KICK ASS!!! for August 2018.
Well, the summer's winding down, and that means Knobcon's soon to happen. So, yep, there's some neat stuff popping up on the MG radar, along with an uptick in general in new offerings. Without further ado, let's plunge right into the the niftiness...
1) VoicAs MixVert8r and 2^4^8. Right out of the gate, this company impresses. The MixVert8r is a bit of a different take on the mixer/polarizer, offering switchable reponses (unipolar or bipolar) per input, which allows you to mix both normal and selectively-inverted signals to a single...and also attentuated...output. DC coupling allows for a great deal of flexibility here, making this suitable for pretty much any mix-to-1 application you can think of. The big win, though, is the price: $100 is a cheap ticket for this sort of flexibility. And VoicAs' 2^4^8 is a great one-stop take on a VCA module, offering six inputs, two of which feed a stereo pair for panning, etc, and no mixing so these individual VCAs can be slotted into anywhere they're needed. This is pretty smart, actually, as a good system can never have too many VCAs for either audio or CV uses, and VoicAs's module here offers up a nice pile of 'em in just 12 hp for $200.
2) ReBach Catch STV. $38 or so gets you this: a trigger inverter, which can interchange negative (or S-trig) triggers to positive, or vice-versa. Now, for me and a lot of other people, that 'vice-versa' part is important, as there are a goodly number of vintage and modern (the Korg MS-20 being both!) synths out there that require a negative trigger pulse, and if you want to lock them up rhythmically to the rest of your sync in the modular...well, that can get messy. But this solves that issue, and does so for a stoopid-cheap price! Also, if you have an old Moog 960-type sequencer or a Korg SQ-10, this is your fix for using those as the 'primary' clock to drive the rest of your timing. Very smart, useful, and space-efficient at only 4 hp.
3) Metasonix RK6 Resonant Lowpass Filter. Eric Barbour is a weird dude. His modules speak for him. In this case, he's re-envisioning what a resonant LPF and/or LPG (yes, it does that too) might act like if it had been concocted in the days before Don or Bob set the solid-state standard for these circuits...and created something that floats in a strange zone between the test gear complements of the 'classic' studios and the voltage control era that began in the mid-1960s. Using transformer coupling (always a very euphonic plus) and a 17JK8 dual triode, this isn't intended to sound like a 'typical' LPF...but something closer to the old-school electronic music sound, rife with neat nonlinearities. But fear not! It runs on no more than 200 mA (at startup) on the +12V rail, which means that it can play nicely with lots of the typical Eurorack power setups. Smart design, strange idea, neat module worth checking out! $299.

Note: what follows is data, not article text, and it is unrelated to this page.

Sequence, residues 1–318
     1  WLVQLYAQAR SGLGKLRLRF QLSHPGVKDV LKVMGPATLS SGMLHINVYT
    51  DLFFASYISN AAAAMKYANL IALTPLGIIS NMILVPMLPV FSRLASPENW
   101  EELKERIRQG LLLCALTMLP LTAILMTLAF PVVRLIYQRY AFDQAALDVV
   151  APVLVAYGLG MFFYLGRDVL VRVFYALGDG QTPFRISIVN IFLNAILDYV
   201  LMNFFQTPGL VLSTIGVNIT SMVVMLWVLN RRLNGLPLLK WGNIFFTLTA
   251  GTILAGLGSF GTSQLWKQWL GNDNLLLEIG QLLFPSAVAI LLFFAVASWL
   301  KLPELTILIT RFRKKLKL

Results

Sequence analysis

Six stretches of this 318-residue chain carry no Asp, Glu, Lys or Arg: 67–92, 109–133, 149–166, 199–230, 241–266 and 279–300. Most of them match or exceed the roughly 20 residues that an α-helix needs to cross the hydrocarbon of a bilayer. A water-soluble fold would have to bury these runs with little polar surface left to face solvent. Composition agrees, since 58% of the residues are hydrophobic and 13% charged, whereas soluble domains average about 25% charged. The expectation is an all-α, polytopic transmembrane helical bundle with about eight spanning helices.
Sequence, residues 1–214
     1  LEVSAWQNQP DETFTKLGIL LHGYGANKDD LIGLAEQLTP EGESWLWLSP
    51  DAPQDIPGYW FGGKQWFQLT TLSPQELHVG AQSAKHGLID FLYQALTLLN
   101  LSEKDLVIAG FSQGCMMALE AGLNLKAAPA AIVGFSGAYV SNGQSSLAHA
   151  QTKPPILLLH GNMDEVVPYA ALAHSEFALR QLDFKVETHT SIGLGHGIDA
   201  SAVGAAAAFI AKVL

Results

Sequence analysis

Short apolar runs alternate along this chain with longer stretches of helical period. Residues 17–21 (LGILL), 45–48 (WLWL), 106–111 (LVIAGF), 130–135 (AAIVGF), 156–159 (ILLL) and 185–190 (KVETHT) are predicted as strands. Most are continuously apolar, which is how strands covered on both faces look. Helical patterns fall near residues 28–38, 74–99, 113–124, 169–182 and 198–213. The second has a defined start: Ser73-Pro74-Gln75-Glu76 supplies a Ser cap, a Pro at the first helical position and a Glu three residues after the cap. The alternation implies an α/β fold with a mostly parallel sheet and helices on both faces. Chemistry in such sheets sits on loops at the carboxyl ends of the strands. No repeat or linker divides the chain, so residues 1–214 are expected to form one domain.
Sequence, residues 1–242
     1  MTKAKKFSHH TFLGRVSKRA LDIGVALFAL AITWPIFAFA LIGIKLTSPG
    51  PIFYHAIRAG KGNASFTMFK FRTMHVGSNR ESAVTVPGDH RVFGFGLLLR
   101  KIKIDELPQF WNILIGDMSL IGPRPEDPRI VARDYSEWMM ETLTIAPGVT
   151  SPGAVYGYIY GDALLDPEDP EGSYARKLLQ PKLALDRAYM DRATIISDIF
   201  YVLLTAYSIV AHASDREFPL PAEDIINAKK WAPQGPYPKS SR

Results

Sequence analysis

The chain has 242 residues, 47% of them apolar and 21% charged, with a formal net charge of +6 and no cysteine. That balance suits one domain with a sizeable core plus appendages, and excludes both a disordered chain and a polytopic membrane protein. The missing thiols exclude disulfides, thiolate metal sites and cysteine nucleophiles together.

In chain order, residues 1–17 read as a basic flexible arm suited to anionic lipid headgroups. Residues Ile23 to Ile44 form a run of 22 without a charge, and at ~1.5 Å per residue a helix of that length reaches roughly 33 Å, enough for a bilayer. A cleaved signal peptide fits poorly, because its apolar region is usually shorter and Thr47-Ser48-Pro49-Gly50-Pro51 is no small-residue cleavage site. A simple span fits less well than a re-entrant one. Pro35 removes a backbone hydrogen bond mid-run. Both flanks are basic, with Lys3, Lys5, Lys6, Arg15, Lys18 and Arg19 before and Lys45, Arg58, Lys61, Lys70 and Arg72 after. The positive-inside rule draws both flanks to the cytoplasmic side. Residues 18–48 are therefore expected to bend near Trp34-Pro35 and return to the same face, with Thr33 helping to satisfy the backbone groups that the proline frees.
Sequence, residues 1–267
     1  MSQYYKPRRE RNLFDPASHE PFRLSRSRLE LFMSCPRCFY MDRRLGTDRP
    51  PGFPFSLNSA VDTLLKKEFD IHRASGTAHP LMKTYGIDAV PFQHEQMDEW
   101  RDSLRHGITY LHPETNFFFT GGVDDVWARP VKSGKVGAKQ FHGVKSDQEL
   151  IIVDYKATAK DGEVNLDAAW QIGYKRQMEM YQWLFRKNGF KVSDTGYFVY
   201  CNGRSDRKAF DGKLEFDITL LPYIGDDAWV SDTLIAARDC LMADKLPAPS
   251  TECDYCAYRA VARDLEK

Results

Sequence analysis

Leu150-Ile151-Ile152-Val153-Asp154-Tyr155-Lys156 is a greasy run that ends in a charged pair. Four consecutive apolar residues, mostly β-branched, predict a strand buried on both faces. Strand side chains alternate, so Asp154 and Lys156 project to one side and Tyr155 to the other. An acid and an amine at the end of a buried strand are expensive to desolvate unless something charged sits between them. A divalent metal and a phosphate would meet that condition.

4) Funkstill Filter Threek 13700. While we're talking filters, this is a strangely-implemented pile of 'em. It says it's a “3-pole VC-Morphing Filter”...but that's really an undersell of what this concoction's about. With a very dense control-set, plus its morphing capabilities, it also can serve as a waveshaping-type device and, if the morphing is done at audio rates while the filter is resonating, it turns into this psycho-grade source of morphing timbral OH HELL NO-type abuse! The manufacturer's website has a video that should explain what I'm talking about there most adequately. At $358, it's not cheap...but in a small rig that only has space for a single and wildly-versatile VCF, this wuld be a primo choice, especially since it not only does the above, but offers multiple response-curve outputs, too.
5) Mystic Circuits ANA. This refers to itself as a 'logic' module, but that's not exactly right as logic tends to refer to on/off trigger/gate operations in the modular synth world. Instead, what the ANA is is an arithmetical operator. Think about things such as the discontinued Buchla 257, and you're more in the ballpark of what's going on behind this panel. The ANA takes in CVs, and crossmodulates these according to specific arithmetical functions, along with a few normal logic functions via a three-step comparator. It's a very deep module, capable of ring modulation in several manners, waveshaping, controllably altering CV behaviors, and so on. For those into the various flavors of generative music, you need to look at this thing. And for everyone else...well, it's got a zillion uses, when you start considering what it does in only 6 hp. $180.
6) Flamingo Break3. 3 hp, $28, and really simple...but one of those things you wish you had when you need it. Three 'break' switches that go inline in a patch. Looks kinda...well, meh, right? Nonoooo...there are all sorts of reasons you might want to have an inline 'cut', ranging from switching VCOs back and forth from controlled to drone states, muting CVs, muting audio, altering how other modules behave on the fly...the list goes on, especially for the live performance set. Just because it's simple doesn't mean it can't KICK ASS!!!